Viscum or mistletoe is a genus of (mainly) shrubby aerial parasites of the Santalaceae (some say Viscaceae) family.
The plants growing on branches of dicotyledon shrubs are hemiparasitic, meaning that they obtain part of their food from parasitism, the rest from photosynthesising themselves. The many brittle, usually dense branches are sometimes forked or whorled. The stems are cylindrical or compressed, sometimes ribbed, twisted and swollen.
The leaves are opposite and simple, sometimes very small and scale-like. Leaf margins are entire and there are no stipules.
The unisexual flowers grow in cyme-like clusters, some of the species dioecious. The flowers have three or four free perianth segments or petals and are only about 2 mm in diameter. Male flowers have as many stamens as perianth segments. The inferior ovary in a female flower has only one locule.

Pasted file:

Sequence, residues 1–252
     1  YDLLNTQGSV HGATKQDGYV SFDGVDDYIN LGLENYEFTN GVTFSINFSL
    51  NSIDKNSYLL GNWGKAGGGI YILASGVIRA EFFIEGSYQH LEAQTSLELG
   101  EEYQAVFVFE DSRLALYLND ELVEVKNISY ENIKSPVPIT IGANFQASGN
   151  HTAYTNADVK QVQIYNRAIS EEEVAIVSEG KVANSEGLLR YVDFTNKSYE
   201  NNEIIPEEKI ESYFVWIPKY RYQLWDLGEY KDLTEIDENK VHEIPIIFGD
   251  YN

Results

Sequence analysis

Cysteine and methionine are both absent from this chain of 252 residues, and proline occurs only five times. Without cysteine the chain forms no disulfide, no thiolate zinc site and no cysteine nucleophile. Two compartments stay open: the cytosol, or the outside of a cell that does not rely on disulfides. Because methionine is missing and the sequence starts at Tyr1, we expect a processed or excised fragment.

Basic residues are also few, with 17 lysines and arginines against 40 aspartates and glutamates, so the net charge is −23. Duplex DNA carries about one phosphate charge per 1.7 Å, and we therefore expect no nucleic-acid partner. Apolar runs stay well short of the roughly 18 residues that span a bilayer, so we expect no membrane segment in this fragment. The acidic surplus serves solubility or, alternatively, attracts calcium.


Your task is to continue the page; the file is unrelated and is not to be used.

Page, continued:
The fruit is a one-seeded berry covered in a sticky layer. This sticky substance or birdlime causes seeds of the fruits consumed by birds to stick to branches when the birds rub them from their beaks. This allows the seed to penetrate the bark of the branch upon germination, starting the parasitic growth of a new plant. Birdlime also used to be smeared onto branches for catching birds.
Fruit colours range from white, yellow and orange to red. The fruits may be smooth or warty, some species having pedicels. The perianth segments persist on the fruit in some, while the style usually persists.
There are about 100 species in Africa and Asia, 17 of which are found in southern Africa. The plants are toxic to humans although they feature in traditional medicine. The fruits are widely eaten by birds and the plants browsed by stock and game.
The plant in picture is Viscum capense (Leistner, (Ed.), 2000; Vlok and Schutte-Vlok, 2015).